SS&C Blog

From insights to interventions: How to impact medication nonadherence


Wednesday, January 30, 2019 | By Theresa Lane, Pharm.D.

From insights to interventions: How to impact medication nonadherence

When patients don't take their medication as prescribed, it can lead to adverse health outcomes and increased costs. Alarmingly, 50% of patients are nonadherent at any given time1 causing up to $300 billion in waste per year.1 Up to 69% of hospital readmissions are due to nonadherence and approximately 125,000 deaths are linked to it each year.2

Clearly, this is a pervasive problem with complex social and behavioral causes, but most cases have one thing in common: Most medication nonadherence is a conscious choice patients make to not follow their doctor’s advice or take their medications appropriately.  Their decisions are based upon a few common reasons including3:

  • Fear of side effects
  • Not Understanding the purpose of the medication
  • Out of pocket costs
  • Too many medications
  • Mistrust of the doctor’s motives

And often, patients do not open up to their doctor about their concerns with the treatment plan.3

When plans can identify patients who are most at-risk for nonadherence, they can work to proactively engage the patient and pre-empt nonadherence.  This is where a partner with advanced analytics capabilities and deep expertise with pharmacy claims data can contribute substantial value and insights.

A strong adherence program provides enhanced analytics to enable the largest return with the minimal amount of dedicated resources.  Data driven analysis can include clinical data, behavioral observations and direct reports from the patient. When evaluating a potential partner’s medication nonadherence program, consider the following:

  • Do they have the technology and know-how to identify at-risk patients at the moment when engaging them could drive behavior change?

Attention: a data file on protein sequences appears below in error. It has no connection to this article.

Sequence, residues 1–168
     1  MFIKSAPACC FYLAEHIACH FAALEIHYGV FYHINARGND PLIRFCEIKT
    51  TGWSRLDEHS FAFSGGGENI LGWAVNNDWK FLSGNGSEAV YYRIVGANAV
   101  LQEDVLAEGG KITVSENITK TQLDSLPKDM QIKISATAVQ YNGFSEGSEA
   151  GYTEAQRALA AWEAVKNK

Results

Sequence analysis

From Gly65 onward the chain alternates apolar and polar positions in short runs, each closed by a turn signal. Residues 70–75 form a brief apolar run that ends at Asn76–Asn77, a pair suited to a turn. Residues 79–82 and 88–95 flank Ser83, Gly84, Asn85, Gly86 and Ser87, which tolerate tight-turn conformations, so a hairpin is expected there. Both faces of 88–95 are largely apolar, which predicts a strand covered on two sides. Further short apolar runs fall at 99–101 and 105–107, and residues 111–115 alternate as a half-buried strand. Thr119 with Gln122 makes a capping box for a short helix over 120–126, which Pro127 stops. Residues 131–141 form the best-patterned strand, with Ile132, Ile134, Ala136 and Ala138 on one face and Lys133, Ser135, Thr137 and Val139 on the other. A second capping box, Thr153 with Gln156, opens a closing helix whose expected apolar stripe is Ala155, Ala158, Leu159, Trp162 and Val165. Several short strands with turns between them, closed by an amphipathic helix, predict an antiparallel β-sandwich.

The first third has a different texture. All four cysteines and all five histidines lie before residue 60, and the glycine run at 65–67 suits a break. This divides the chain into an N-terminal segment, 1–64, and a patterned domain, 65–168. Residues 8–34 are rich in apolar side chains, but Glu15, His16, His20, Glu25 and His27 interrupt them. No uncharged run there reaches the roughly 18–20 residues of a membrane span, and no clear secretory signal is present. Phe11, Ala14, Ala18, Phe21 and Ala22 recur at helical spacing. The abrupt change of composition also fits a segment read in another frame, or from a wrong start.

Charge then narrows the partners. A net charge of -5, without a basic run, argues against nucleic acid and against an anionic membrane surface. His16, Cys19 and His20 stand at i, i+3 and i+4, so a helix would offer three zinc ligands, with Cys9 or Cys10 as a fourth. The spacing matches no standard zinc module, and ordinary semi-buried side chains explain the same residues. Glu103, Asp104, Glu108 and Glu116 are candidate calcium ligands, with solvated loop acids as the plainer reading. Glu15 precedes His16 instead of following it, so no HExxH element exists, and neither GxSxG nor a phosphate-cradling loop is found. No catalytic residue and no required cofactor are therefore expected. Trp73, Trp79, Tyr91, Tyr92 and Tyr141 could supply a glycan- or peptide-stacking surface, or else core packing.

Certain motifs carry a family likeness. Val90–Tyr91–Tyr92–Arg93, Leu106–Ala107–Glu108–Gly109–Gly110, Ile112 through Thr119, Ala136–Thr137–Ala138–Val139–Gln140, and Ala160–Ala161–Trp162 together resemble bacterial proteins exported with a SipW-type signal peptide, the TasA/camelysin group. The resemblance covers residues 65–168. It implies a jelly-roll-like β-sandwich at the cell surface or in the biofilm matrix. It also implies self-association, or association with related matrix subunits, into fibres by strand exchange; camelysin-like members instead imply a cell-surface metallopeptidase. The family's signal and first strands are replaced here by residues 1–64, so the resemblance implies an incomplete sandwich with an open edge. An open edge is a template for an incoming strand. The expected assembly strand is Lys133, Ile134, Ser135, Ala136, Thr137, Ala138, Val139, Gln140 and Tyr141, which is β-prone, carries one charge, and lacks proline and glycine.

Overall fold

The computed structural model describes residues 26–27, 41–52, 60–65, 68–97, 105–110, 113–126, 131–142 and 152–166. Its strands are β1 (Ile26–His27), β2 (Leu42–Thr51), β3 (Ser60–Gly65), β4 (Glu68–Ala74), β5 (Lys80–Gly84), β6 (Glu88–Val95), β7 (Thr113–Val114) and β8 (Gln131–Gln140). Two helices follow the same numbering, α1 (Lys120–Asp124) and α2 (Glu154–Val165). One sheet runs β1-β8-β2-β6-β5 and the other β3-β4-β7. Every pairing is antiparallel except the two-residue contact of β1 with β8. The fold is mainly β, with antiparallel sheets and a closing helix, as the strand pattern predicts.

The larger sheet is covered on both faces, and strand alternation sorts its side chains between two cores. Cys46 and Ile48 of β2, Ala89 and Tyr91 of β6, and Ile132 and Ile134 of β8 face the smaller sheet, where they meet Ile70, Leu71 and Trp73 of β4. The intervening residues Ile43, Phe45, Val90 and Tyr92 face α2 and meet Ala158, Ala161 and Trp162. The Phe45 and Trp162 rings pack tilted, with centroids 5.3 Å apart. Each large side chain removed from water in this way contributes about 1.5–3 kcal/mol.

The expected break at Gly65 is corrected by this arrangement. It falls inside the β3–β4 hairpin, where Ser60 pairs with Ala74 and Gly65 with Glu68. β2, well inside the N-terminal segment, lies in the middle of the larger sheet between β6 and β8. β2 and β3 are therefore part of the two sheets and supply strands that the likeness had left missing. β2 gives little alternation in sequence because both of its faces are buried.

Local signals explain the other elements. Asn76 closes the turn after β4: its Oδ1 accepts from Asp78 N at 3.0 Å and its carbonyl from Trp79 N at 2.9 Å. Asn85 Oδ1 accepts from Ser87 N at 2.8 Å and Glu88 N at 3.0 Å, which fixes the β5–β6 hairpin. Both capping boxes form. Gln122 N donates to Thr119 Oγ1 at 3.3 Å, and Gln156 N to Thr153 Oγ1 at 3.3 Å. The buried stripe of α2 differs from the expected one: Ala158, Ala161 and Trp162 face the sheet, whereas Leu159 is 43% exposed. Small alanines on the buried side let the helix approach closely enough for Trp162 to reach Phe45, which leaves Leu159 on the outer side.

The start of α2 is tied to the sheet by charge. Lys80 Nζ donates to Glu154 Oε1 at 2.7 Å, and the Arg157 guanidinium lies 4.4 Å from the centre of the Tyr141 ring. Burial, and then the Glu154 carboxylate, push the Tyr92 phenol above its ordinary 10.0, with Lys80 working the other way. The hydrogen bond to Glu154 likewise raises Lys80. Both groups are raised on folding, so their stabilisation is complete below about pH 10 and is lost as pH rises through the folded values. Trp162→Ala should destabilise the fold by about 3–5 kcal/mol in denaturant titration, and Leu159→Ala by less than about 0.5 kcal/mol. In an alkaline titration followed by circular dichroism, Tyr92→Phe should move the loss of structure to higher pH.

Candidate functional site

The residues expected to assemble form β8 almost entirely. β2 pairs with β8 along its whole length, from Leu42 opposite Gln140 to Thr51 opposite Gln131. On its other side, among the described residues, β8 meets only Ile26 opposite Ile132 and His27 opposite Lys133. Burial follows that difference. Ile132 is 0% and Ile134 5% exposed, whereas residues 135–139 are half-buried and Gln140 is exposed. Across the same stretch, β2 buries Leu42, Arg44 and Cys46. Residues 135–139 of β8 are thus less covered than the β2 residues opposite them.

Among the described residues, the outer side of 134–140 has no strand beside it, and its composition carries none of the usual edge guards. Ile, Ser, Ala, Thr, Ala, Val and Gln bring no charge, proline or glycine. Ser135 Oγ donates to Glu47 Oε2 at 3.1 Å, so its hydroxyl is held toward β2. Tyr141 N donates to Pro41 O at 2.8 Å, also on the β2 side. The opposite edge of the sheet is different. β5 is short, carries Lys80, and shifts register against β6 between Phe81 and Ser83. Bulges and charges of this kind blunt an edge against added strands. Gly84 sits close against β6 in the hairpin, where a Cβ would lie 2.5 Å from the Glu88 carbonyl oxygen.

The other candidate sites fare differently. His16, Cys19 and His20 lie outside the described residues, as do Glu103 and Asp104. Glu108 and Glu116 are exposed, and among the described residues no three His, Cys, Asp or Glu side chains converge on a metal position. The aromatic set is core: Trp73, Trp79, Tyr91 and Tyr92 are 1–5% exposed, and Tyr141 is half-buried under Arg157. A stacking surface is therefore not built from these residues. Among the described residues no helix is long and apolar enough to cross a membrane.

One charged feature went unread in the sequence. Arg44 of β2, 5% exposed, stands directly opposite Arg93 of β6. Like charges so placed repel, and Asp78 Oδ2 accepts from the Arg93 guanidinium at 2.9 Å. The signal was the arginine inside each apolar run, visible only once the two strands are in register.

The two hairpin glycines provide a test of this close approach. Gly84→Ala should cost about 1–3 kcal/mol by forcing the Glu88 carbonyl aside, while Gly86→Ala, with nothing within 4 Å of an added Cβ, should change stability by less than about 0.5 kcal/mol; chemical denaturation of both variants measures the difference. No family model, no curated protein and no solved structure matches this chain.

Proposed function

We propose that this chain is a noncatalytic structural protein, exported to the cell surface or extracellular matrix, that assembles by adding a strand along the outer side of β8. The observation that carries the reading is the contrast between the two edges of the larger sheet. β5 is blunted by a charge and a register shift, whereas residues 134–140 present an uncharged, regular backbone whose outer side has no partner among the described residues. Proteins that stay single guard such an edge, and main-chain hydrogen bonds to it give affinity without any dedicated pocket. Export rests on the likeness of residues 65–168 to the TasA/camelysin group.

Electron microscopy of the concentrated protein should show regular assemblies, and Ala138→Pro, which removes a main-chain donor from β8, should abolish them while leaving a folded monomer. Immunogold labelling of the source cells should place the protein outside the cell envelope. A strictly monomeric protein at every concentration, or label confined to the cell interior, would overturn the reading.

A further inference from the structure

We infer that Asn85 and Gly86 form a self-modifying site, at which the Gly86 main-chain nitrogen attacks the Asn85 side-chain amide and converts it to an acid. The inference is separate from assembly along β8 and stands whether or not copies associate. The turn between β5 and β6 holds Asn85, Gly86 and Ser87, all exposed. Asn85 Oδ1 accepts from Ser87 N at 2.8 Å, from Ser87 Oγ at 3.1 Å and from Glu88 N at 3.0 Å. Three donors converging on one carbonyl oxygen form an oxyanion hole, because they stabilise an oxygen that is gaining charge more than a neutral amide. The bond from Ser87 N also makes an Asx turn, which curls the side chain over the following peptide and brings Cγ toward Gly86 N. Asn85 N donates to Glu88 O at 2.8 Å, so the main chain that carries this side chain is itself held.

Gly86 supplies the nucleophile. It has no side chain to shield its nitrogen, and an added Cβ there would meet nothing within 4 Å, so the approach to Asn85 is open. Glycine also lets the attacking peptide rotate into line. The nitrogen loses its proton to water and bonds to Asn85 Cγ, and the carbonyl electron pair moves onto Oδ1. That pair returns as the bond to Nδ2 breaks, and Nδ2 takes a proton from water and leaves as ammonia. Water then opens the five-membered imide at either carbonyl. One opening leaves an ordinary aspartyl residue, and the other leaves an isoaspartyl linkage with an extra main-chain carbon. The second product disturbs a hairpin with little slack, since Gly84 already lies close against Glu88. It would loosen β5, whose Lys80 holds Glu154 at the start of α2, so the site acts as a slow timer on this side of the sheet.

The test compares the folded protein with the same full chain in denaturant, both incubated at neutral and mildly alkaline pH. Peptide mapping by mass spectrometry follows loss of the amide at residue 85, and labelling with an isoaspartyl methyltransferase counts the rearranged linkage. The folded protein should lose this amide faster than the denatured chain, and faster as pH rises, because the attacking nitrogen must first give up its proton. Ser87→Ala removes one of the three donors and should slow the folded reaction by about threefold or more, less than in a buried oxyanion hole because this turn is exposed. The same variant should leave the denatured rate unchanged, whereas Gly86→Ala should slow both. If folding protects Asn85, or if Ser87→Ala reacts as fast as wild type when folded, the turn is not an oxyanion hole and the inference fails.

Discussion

• Does the program identify patients at risk for nonadherence by linking prescription claims data with behavioral factors?
  • Does the program prioritize patient interventions by focusing on targeted behaviors like multiple medications, use of antidepressants, etc.?

Our program integrates the Johns Hopkins ACG® System with our powerful claims adjudication system, RxNova, to improve adherence and reduce total cost of care while increasing ROI. We target patients who have one of eight chronic conditions and help plans track these patients and their adherence scores over time.  Data analytics and insights help identify opportunities to reduce therapy drop off at the right time. Let us show you how we can help you make the most of the resources you have for the best possible outcomes, to learn more, please contact me at TMLane1@dsthealth.com.

1  Overcoming Barriers to Medication Adherence for Chronic Diseases, CDC Public Health Grand Rounds. February 21, 2017.,  https://www.cdc.gov/grand-rounds/pp/2017/20170221-medication-adherence.html

2  Annals of Internal Medicine. December 4, 2012.  http://annals.org/aim/fullarticle/1357338/interventions-improve-adherence-self-administered-medications-chronic-diseases-united-states

3  Source, 8 Reasons patients don’t take their medications, AMA Wire, October 16, 2016. https://wire.ama-assn.org/practice-management/8-reasons-patients-dont-take-their-medications

4  Comparing Adherence and Persistence Across 6 Chronic Medication Classes, Journal of Managed Care Pharmacy, 2009. https://www.jmcp.org/doi/pdf/10.18553/jmcp.2009.15.9.728



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